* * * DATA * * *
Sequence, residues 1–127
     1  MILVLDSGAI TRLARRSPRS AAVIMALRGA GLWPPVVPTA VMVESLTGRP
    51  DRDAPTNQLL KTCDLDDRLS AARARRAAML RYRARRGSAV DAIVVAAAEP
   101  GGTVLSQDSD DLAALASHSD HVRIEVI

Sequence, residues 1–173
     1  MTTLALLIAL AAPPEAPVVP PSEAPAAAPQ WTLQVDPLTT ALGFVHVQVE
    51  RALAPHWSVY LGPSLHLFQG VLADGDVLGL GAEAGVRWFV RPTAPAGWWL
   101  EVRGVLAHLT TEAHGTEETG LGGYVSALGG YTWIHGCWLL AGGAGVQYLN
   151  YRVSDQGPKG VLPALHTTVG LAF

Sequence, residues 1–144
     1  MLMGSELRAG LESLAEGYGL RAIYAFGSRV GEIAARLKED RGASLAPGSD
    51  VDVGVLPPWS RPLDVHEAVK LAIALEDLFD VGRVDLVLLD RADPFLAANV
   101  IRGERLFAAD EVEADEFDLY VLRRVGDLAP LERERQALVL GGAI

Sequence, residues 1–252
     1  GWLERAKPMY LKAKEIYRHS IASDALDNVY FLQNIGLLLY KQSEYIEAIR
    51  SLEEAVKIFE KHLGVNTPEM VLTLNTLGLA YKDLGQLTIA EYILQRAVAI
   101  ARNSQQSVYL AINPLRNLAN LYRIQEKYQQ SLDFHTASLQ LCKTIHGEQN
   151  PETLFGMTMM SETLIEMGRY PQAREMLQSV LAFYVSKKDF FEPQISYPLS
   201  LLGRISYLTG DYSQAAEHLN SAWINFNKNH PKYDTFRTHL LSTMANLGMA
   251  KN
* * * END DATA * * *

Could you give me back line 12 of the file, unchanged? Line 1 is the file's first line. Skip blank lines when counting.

    51  VDVGVLPPWS RPLDVHEAVK LAIALEDLFD VGRVDLVLLD RADPFLAANV